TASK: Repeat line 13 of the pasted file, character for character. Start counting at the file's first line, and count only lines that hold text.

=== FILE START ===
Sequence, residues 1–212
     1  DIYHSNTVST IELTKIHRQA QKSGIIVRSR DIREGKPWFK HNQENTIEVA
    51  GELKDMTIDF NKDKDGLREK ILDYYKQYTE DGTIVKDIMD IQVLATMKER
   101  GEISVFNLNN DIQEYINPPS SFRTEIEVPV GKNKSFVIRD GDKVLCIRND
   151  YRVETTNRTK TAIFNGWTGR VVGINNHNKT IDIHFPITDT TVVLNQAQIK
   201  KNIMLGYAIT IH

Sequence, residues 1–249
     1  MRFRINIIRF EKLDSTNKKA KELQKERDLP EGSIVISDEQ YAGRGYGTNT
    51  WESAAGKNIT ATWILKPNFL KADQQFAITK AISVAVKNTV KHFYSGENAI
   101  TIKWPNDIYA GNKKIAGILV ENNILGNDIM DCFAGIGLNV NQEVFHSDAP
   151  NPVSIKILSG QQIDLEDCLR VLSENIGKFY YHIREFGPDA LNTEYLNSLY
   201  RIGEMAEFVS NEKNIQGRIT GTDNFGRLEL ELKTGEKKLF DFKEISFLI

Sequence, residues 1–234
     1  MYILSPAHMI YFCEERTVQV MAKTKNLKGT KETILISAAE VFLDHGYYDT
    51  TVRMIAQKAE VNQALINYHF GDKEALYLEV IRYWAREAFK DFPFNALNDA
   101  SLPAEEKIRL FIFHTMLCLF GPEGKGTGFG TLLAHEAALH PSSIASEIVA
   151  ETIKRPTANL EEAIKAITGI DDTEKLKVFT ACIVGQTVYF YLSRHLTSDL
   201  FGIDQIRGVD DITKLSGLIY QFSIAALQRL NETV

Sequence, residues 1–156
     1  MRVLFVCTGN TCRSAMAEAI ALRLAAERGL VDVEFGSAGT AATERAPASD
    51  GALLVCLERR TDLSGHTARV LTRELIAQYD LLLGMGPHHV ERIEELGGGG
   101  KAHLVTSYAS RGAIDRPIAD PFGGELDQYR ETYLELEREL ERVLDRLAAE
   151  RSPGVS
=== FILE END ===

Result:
Sequence, residues 1–234